A modern day freedom fighter, she’s always fired up about issues most of us ignore. Poverty, the living wage, worker’s rights, the corruption in Washington.  She actually makes a stand against politically motived injustices on a daily basis. It’s her job. Really. And she absolutely loves every minute.

I think she’s pretty awesome.

We miss her living in Columbus but I’m glad she finally made it to Chicago. It’s what she wanted from the minute I met her an in spite of the ex stuff and being a single mother to two boys, she made it happen. All on her very own.

We hit up a fantastic restaurant called Antique Taco, one of many Hipster havens in Wicker Park. The waitress plopped a margarita in front of Benjamin. Not sure why but it all happened very quickly and while he went for the margarita I (as any self-respecting mother would do) went for the camera. The results were to be  expected. Nothing exciting really. Just your typical six year old trying a margarita. You know, happens every day.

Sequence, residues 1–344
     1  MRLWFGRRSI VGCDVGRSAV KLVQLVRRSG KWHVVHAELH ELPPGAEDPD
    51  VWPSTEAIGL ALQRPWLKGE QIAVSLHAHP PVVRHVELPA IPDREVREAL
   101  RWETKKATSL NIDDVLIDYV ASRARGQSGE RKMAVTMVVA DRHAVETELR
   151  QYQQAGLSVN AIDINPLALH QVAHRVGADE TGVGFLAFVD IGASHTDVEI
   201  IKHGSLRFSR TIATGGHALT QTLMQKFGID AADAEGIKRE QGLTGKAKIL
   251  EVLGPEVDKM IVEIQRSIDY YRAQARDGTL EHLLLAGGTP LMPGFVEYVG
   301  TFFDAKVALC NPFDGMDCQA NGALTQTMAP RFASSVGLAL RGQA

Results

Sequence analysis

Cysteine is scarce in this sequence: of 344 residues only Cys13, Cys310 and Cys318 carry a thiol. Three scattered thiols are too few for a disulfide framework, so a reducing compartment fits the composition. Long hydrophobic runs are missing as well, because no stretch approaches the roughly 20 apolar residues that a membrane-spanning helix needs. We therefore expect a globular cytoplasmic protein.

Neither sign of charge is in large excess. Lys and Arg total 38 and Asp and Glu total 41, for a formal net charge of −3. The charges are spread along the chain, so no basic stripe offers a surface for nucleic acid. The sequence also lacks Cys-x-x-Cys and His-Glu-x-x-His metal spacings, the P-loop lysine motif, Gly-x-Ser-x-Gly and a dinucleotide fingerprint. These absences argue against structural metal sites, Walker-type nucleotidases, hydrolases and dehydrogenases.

In this order, the picture captions are as follows:

1. Hmmm… what is this delicious looking drink?
2. Ugh.
3. Full reaction to the sour limes and permanent scarring of cocktails.

That should keep him away from it all until he’s at least sixteen. Poor kid.

Sometime between the margaritas and the tacos he lept up onto Seth’s lap proclaiming how much he missed him. The two of them are becoming closer and closer. Read about an amazing moment they had recently here.

The next morning, in Elizabeth’s living room Seth and I had a few minutes with our coffees and each other. I am so incredibly in love with the man. Butterflies and sledge hammers, ladies. Every morning, every afternoon, every night. All of the time.